How Much of the Bible do Young-Earth Creationists Reject?

I have been meaning to blog about this topic ever since Hemant Mehta pointed out that there were young-earth creationists who were mocking flat-earthers for taking the Bible too literally. That hypocrisy continues, as Answers in Genesis just recently posted an article which says the following:

Detractors of the Bible might point to passages like Isaiah 11:12Revelation 7:1, and Revelation 20:8 to claim that the Bible teaches a flat earthBut the phrase, “the four corners of the earth,” must be interpreted within its context, and figurative language must be recognizedWhen the historical-grammatical approachis followed, “the four corners of the earth” is identified as a figure of speech describing the whole word using the cardinal directions (such as on a compass) from north and south to east and westThe passages are all within prophetic books, which are known for using poetic language.

Interpreting the Bible literally doesn’t mean ignoring figurative language of which the Bible is rich (e.g., 1 Samuel 2:8 and Psalm 75:3 poetically describe the earth as sitting on pillars that God founded)After all, if someone says the sun has set, we don’t accuse him of not understanding that it is the earth that is spinning around the sun.

It is not “detractors from the Bible” but honest readers who acknowledge that there is pre-scientific language in the Bible, which its authors and earliest readers would have assumed to be literally factual descriptions of the cosmos. Answers in Genesis turns people who read the Bible honestly into “detractors” by forcing one to choose between honesty and contextual reading on the one hand, and their definition of Christian faith and fidelity to the Bible on the other. As Karl Giberson writes,

In convincing people that Noah’s Flood was a historical event, Ham has done a great disservice to Christianity and thinking people in general. To preserve the historicity of Noah’s story, almost all of contemporary science, biblical scholarship, and ancient history must be wrong.

Randal Rauser reviewed Robin Parry’s book on biblical cosmology and wrestled there with these issues as well. Here’s an excerpt:

Needless to say, the proper response is not to become more fundamentalist than the fundamentalists: a return to the three-tiered universe is not possible for those of us who are familiar with modern science. But then what is the alternative? How should we interpret this bizarre biblical world?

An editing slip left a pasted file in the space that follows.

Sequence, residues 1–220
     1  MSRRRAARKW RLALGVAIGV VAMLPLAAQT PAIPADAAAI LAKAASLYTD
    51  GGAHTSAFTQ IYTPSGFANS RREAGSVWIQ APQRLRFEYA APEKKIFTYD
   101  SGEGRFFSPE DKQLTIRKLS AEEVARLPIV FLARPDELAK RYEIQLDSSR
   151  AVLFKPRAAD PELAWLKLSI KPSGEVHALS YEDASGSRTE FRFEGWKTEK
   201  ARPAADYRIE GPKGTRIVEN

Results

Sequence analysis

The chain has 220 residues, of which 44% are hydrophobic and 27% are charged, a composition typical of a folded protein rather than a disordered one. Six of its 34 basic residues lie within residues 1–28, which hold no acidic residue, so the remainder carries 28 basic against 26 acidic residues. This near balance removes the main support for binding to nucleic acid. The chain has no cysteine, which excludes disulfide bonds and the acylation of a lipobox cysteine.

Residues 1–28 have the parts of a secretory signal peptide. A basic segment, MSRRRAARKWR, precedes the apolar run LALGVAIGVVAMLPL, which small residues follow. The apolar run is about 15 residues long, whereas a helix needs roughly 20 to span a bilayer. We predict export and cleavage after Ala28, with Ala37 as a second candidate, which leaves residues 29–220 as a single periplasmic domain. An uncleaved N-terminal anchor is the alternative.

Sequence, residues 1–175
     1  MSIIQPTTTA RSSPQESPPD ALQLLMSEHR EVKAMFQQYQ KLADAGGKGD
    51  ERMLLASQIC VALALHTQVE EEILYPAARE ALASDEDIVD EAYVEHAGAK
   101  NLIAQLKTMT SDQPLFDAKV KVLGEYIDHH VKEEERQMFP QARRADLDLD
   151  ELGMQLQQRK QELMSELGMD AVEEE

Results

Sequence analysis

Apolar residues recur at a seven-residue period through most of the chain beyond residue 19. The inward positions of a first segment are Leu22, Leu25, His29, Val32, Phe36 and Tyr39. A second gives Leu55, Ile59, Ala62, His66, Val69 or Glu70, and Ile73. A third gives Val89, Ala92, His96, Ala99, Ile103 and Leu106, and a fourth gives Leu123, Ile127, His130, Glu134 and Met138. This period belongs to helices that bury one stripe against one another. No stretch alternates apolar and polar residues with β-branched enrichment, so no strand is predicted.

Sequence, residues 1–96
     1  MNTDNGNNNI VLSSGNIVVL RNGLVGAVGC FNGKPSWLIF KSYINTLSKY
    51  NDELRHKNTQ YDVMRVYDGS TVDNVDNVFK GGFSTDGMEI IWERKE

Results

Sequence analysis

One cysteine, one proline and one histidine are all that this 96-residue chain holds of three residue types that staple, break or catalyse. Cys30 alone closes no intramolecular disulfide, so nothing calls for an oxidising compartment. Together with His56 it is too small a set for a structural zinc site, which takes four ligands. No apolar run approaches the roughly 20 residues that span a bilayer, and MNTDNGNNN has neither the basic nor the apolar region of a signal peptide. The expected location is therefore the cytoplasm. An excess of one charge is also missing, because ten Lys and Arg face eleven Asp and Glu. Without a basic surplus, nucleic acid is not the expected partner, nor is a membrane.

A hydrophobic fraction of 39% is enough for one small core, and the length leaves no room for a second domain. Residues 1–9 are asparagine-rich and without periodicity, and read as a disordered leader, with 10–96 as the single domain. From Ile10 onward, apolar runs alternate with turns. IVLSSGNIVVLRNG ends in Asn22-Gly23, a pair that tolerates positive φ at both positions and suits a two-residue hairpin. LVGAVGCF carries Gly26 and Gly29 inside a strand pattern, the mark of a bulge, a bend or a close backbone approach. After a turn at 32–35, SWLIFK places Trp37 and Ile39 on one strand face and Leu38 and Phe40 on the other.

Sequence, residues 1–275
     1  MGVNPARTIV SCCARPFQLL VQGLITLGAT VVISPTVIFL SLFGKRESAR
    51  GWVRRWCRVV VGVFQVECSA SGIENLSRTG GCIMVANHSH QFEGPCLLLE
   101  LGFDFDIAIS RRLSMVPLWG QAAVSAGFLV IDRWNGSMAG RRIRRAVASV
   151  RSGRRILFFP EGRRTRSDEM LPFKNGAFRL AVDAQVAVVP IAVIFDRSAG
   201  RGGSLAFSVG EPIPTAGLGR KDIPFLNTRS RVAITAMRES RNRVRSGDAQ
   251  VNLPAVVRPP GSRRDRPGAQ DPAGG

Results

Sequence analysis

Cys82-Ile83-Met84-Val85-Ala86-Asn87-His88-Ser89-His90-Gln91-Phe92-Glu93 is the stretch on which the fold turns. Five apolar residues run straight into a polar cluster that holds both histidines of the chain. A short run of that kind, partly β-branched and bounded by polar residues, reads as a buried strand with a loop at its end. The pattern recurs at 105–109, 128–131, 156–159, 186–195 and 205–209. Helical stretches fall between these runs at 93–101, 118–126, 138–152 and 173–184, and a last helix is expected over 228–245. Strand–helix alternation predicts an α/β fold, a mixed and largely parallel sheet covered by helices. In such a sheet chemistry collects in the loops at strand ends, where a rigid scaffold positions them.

Brad Kramer reviewed Kyle Greenwood’s book on the same subject.

Ben Stanhope has a knack for spotting when young-earth creationists are betraying their superficial acquaintance with and commitment to the Bible, whether in subtle or in blatantly obvious ways. This falls into the latter category, doesn’t it? (Look at the background.)


I came across this quote a while back and have been meaning to share it:

When one carefully examines the argument, one discovers that the biblical view of creation is not being pitted against evolutionary theories, as is supposed. Rather, evolutionary theories are being juxtaposed with literalist theories of biblical interpretation. Even if evolution is only a scientific theory of interpretation posing as scientific fact, as the creationists argue, creationism is only a religious theory of biblical interpretation posing as biblical fact. And to add to the problem, it is a religious theory of biblical interpretation which is heavily influenced by modern scientific, historical and technological concerns. It is, therefore, essentially modernistic, even though attempting, and claiming, to be truly conservative.

A genuine conservatism would, above all, seek to conserve the original conception and concern of the biblical materials-not measure and test it by contemporary canons.

Conrad Hyers (then Professor and Chairman of the Department of Religion, Gustavus Adolphus College) in an article titled “On Interpreting and Misinterpreting the Creation Texts” in JASA 36 (September 1984): 142-148.

I had also been meaning to share this thought: